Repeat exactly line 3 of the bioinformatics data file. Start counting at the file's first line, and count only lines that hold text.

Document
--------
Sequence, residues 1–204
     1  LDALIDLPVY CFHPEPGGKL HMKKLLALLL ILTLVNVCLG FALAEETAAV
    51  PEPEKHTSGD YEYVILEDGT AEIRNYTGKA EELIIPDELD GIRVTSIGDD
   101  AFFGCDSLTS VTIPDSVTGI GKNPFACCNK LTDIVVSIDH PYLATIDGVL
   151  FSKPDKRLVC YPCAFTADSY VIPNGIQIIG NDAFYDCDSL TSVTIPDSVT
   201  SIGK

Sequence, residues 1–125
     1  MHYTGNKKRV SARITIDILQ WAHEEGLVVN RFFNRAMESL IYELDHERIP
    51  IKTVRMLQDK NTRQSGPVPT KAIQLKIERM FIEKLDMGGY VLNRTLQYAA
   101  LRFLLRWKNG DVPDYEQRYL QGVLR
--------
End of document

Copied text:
    51  PEPEKHTSGD YEYVILEDGT AEIRNYTGKA EELIIPDELD GIRVTSIGDD